Monday, February 22, 2010

Amanuensis Monday: Max Newmark - "Bandit Victim"

Amanuensis: A person employed to write what another dictates or to copy what has been written by another.

I continue my project to transcribe family letters, journals, audiotapes, and other historical artifacts. Not only do the documents contain genealogical information, the words breathe life into kin - some I never met - others I see a time in their life before I knew them. If you choose to join me in Amanuensis Monday and post your transcriptions, feel free to add a link to your post in the comments.

Below is a transcription of a news article that appeared in the St. Louis Globe Democrat on February 1st, 1931. It describes the armed robbery and fatal shooting of my great-great uncle, Max Newmark, at his grocery store.

St. Louis Globe Democrat – February 1, 1931

Bandit Victim Dies of Wounds After E. St. Louis Holdup
Max Newark (sic), Grocer, Succumbs in Hospital; Trio Escape.

Max Newark, 38, a grocer at 512 South Twentieth street, East St. Louis, was fatally shot in his store yesterday morning by three Negro bandits who fled with $60 and Newark’s revolver, after wounding a customer, Walter Hurnton, 26-year-old Negro of 1937 Piggott avenue, East St. Louis.

Newark died at St. Mary’s Hospital in East St. Louis, shortly before 6 o’clock last night, from a bullet wound in the abdomen. He had also been wounded in the shoulder. Hurnton, suffering from a bullet wound in the right shoulder, was also taken to the hospital.

The search for the bandits was intensified by police, when they received word of Newark’s death.

Newmark opened his store shortly before the Negroes arrived. His money was in a cigar box. One of them asked to buy some ham. Noticing there was a revolver in the holster of Newmark’s belt, he gave a “put ‘em up” order. Hurnton came in to buy a cigar, the dog began to bark and the shooting followed.

The Negroes were between 25 and 27 years old, about 5 feet 8 inches tall and weighed between 140 and 150 pounds. They wore dark caps, two had brown overcoats, and the third wore a gabardine.

One of the robbers shot at Newark’s dog when the animal showed fight. The animal was not wounded.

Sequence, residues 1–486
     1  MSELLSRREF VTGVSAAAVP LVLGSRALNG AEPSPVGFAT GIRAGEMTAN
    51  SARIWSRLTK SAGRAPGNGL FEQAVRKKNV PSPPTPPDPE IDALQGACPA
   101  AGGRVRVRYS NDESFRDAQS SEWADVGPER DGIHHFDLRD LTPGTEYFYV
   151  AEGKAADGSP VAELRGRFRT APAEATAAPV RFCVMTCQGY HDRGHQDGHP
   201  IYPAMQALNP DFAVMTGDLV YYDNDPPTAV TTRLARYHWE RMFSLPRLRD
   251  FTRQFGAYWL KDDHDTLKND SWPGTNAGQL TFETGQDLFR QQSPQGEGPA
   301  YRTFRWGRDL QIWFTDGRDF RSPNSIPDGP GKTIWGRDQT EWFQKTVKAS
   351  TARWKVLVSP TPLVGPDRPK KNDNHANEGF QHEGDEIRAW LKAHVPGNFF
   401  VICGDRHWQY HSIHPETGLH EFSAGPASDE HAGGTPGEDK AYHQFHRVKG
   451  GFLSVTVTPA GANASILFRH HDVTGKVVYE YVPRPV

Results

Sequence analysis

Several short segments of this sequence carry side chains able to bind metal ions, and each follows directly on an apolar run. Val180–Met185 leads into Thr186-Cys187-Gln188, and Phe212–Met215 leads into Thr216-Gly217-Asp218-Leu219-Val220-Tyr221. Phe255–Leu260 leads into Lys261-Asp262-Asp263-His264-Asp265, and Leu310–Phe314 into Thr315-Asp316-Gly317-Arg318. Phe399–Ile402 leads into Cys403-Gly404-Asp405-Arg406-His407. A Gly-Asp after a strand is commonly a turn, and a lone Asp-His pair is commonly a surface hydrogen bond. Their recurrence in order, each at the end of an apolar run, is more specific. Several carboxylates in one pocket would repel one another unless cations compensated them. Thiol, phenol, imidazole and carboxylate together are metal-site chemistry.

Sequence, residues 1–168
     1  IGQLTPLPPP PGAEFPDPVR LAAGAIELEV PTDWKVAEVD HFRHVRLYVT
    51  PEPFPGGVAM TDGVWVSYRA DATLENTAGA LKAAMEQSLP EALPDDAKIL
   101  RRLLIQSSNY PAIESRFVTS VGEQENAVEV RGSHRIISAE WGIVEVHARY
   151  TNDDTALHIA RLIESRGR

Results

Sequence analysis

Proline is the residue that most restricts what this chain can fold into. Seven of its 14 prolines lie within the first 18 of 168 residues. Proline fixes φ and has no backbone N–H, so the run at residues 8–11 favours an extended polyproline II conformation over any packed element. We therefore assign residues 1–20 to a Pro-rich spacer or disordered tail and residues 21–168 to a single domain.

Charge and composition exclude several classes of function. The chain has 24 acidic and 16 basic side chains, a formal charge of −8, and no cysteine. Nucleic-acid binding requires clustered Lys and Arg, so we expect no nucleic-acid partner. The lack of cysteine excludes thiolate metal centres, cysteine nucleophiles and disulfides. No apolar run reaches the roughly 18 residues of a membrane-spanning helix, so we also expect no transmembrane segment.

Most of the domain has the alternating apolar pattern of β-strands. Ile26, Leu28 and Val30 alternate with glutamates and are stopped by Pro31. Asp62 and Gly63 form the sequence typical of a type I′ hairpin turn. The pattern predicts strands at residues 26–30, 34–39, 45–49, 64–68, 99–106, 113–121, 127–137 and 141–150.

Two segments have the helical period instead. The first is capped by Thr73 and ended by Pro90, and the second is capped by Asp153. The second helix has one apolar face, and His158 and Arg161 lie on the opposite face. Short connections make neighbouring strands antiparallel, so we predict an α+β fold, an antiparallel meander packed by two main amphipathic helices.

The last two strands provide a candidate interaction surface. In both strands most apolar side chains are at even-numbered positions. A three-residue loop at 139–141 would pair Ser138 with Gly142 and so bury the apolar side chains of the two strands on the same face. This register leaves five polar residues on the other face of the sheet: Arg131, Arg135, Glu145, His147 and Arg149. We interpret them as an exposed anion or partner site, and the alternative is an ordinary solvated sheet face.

Newark’s body was taken to the Berger Undertaking Compnay, 4717 McPherson avenue. Funeral arrangements have not been completed. The inquest, the time for which has not been set, will be held at the Brichler Undertaking Company, 126 Collinsville avenue, East St. Louis. Police announced last night Negro detectives had been assigned to the case.

The widow, Mrs. Dora Newark, and two small sons survive.

Right now this is the only photograph of Max I have seen. He was the brother of my great grandfather, Barney Newmark. His two sons Nelson and Harold were 16 and 12 years old at the time.

To summarize:
1) My paternal second great uncle, Max Newmark, age 38, was robbed at gunpoint, and possibly the only reason he was shot and killed was because the robbers saw he had a gun.
2) My paternal great uncle, Mandell Newmark, age 22, died during World War II. It is said he was killed by negligent discharge, when a fellow serviceman was cleaning a weapon.
3) My maternal great uncle, Armin Deutsch, at age 8 or 9 felt guilty about injuring his brother in a non-fatal gun accident, and starved himself to death.

These are just three reasons I, personally, don't feel owning a gun would make me safer.

as a sidenote:

Including the caption underneath the photograph, the newspaper mentions my second great uncle's surname 11 times, and gets it correct twice. Personally, I'd give them more credit if they got it wrong all eleven times. A consistent error suggests sloppy reporting, but says nothing ill about the editing. An inconsistent error suggests sloppiness in both departments.

1 comment:

Apple said...

A sad story! I agree with you about guns but know of no incidents in my family where they caused harm.